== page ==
As part of a research effort looking into automated and hands-free charging solutions for electric vehicle drivers and autonomous EVs, Ford has started testing a prototype robot charging station aimed at making the top-up process easier for folks with limited mobility.
Robots capable of plugging a cable into an electric vehicle's charging port and removing it again once the battery is full have been in development for some time, and would allow drivers the luxury of remaining in the car during inclement or cold weather and watch a movie on the infotainment screen or catch up with friends on social media while the car is being juiced up.
Such systems would also make an often challenging process for those with reduced mobility or older drivers a whole lot easier, with a recent UK survey identifying improved accessibility as an important consideration for disabled drivers looking to buy into electric mobility solutions.
Ford has been working on just such a system, and has now started real-world trials of a robot charging station prototype built by engineers at Germany's Dortmund University following successful tests in the lab.
The idea is that the driver pulls up to a charging station, initiates the charging procedure using a companion mobile app and the robot does the rest. A cover slides open, the robotic charging arm reaches out and locates the vehicle's charging port with the help of a camera, plugs in and activates energy transfer.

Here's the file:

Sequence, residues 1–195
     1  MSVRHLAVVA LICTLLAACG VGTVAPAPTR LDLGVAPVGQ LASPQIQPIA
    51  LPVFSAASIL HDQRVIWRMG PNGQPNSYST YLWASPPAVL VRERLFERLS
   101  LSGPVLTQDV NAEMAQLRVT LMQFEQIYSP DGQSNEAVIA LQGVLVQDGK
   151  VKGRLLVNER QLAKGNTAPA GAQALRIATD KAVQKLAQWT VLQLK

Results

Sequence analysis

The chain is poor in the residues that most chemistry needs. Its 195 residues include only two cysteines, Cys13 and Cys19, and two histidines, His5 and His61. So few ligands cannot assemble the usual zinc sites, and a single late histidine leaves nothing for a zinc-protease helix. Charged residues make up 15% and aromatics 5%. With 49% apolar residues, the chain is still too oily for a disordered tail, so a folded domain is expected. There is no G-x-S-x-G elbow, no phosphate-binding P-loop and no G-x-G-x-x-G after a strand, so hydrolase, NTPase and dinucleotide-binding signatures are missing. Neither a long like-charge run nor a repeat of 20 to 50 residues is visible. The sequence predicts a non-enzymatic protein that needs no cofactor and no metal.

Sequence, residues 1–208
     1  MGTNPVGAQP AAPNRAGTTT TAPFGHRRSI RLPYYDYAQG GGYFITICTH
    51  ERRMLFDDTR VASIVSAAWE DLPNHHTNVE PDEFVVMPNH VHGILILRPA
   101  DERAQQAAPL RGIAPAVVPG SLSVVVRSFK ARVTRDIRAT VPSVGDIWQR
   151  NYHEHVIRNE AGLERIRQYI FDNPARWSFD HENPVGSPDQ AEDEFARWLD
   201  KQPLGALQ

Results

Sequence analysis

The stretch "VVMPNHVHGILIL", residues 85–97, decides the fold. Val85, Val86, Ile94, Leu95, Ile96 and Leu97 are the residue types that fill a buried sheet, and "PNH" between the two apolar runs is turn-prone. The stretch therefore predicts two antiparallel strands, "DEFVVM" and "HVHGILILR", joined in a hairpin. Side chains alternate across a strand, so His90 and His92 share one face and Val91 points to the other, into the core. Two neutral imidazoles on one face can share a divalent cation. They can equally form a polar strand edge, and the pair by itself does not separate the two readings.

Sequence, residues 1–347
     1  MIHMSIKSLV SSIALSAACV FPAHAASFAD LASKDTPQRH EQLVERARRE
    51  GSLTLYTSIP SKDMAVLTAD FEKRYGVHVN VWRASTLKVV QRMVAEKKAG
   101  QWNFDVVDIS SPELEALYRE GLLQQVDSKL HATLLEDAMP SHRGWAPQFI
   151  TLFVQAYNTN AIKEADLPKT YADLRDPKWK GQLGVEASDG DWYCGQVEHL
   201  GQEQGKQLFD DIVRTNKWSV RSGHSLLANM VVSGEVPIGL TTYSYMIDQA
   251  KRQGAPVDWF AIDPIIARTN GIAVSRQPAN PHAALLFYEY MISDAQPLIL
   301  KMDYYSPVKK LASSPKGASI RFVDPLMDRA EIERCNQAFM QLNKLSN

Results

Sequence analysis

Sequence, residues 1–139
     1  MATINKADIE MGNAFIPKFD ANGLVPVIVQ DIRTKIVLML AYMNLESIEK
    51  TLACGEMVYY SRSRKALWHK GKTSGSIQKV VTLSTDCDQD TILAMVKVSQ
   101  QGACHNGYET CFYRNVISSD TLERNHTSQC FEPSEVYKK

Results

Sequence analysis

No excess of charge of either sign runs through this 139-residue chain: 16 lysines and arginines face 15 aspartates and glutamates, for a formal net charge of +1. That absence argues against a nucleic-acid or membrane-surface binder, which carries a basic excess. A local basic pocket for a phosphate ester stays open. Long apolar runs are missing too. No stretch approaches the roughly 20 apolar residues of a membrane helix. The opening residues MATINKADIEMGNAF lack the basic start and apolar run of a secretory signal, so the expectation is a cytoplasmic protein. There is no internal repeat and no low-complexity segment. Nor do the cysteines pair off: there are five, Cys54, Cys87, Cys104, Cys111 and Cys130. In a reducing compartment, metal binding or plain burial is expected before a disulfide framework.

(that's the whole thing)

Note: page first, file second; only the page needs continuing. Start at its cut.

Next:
The whole process can be monitored through the app, and the driver can either remain inside the vehicle or exit the car and head off to nearby facilities to refresh or get something to eat. Once the process is complete, the robot arm unplugs and moves back inside its little cubby hole in the charging station – as you can see in the video below.
Next up, Ford is partnering with charging network provider Ionity to improve on the current design, while also looking into fast-charging variants and incorporating such solutions into automated valet parking setups so that vehicles could be sent to a robot charging point and returned to the driver fully topped up. Robotic chargers could also lend a helping hand to company fleet operators.